Monday, December 12, 2016

Second Corinthians 2:14 and Roman Military Triumphs

A Roman military triumphal procession was one of the grandest spectacles of ancient times. It was granted to a conqueror only when certain conditions had been fully complied with. Among these it was required that the victory be complete and decisive, that it should be over a foreign foe, that at least five thousand of the enemy should be slain in a single battle, that the conquest should extend the territory of the state, and that it put an end to the war. When the senate decided that all required conditions had been met, a day was appointed and every necessary arrangement was made for the splendid pageant. When the day arrived the people crowded the streets and filled every place from which a good view of the procession could be obtained. The temples were all open and decorated with flowers, and incense was burned on every altar. Fragrant odors from burning spices were profusely scattered through the temples and along the streets, filling the air with perfume.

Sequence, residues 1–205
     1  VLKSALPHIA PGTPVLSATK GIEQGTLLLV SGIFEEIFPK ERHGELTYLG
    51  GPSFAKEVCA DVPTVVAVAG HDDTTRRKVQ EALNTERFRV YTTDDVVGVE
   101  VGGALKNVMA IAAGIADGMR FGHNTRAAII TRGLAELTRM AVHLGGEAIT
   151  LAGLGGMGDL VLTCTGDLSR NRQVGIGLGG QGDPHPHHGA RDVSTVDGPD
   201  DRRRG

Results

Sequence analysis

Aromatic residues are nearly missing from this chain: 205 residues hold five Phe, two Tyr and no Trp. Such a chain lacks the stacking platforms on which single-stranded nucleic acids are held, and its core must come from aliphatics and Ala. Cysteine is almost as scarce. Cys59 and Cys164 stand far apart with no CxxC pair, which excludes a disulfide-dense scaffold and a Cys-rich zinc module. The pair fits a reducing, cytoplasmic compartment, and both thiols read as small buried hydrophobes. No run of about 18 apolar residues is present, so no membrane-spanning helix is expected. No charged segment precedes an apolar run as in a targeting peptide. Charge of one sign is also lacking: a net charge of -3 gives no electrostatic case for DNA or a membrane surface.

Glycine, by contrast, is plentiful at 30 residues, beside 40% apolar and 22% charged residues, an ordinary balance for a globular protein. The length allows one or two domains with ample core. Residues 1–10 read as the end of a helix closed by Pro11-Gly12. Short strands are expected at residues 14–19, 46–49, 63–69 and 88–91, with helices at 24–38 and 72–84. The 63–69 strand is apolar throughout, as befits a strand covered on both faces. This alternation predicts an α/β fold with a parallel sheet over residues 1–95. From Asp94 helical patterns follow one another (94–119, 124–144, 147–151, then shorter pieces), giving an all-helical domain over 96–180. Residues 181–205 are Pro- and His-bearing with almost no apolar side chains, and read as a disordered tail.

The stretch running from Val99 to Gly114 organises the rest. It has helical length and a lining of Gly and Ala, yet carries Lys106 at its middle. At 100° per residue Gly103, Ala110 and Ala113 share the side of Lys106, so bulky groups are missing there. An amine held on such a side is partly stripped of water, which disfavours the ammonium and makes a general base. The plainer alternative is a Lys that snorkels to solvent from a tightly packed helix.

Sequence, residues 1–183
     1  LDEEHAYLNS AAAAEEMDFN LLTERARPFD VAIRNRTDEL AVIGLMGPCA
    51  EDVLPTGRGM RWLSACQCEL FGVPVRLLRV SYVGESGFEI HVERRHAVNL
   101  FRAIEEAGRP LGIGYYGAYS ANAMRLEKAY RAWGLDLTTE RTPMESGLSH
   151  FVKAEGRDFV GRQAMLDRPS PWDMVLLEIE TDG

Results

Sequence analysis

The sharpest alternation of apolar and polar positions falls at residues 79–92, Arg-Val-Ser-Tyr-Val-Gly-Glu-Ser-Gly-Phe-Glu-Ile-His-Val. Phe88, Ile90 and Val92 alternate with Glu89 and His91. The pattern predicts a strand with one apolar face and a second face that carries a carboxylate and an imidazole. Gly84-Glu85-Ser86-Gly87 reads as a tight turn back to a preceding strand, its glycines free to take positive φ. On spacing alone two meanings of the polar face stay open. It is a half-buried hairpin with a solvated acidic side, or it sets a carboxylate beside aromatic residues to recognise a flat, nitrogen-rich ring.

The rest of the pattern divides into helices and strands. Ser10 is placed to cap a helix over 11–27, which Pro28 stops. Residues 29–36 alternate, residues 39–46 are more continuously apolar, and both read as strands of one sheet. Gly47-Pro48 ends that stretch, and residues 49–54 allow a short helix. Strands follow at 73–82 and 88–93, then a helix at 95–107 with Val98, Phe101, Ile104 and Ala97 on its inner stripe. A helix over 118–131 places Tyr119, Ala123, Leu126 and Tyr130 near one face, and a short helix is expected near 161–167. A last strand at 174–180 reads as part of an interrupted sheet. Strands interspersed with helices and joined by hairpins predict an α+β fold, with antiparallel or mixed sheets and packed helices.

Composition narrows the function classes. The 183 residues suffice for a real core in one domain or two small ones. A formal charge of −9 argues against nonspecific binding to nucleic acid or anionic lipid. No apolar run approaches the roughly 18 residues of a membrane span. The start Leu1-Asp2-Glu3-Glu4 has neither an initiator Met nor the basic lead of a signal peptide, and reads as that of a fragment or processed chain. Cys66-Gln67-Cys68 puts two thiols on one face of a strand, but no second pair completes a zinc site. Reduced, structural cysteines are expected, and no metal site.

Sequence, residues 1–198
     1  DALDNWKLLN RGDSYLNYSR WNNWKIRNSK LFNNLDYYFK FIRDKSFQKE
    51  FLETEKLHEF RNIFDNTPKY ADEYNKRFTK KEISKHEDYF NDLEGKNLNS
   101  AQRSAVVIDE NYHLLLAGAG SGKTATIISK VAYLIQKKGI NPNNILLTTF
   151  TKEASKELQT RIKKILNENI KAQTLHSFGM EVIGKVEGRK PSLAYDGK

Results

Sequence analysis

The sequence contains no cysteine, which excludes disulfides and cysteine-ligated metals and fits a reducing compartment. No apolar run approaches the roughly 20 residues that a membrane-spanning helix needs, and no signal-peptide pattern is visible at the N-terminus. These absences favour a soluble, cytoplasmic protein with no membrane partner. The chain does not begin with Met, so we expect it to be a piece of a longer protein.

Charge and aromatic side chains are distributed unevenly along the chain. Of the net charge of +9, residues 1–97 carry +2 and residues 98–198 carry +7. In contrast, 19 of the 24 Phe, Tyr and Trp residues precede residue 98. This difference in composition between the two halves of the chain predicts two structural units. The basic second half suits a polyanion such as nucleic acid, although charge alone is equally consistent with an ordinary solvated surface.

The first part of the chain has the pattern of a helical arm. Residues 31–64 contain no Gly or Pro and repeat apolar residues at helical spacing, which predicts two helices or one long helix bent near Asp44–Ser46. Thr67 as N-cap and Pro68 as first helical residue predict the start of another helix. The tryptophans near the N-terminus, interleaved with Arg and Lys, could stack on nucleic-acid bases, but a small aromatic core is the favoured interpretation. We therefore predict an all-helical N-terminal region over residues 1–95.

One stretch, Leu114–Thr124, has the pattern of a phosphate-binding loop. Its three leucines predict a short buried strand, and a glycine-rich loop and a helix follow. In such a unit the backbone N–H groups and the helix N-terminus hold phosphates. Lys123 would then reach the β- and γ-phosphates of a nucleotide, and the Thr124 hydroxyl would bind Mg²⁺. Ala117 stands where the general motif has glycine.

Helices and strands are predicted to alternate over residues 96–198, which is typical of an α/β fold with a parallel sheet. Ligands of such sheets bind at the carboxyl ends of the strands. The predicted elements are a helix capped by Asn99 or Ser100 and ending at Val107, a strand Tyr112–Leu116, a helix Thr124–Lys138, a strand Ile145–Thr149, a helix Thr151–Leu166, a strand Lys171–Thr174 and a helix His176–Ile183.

In the procession were the senate and chief citizens of the state, who by their presence honored the conqueror. The richest spoils of war—gold, silver, weapons of every description, standards, rare and costly works of art, and everything that was deemed most valuable by either conqueror or vanquished—were carried in open view in the procession. The general in whose honor the triumph was decreed rode in a chariot that was of peculiar form and drawn by four horses. His robe was embroidered with gold, and his tunic with flowers. In his right hand was a laurel bough, and in his left, a scepter. On his brow there was a wreath of Delphic laurel. Amid the shouts of the soldiers and the applause of the populace, the conqueror was carried through the streets to the temple of Jupiter, where sacrifices were offered, after which there was a public feast in the temple.

To the splendors of such a scene the apostle doubtless alludes to in 2 Corinthians 2:14,
"But thanks be to God, who in Christ always leads us in triumphal procession, and through us spreads the fragrance of the knowledge of him everywhere."
He also alludes to the triumphs in Colossians 2:15: “and having spoiled principalities and powers, he made a show of them openly, triumphing over them in it.”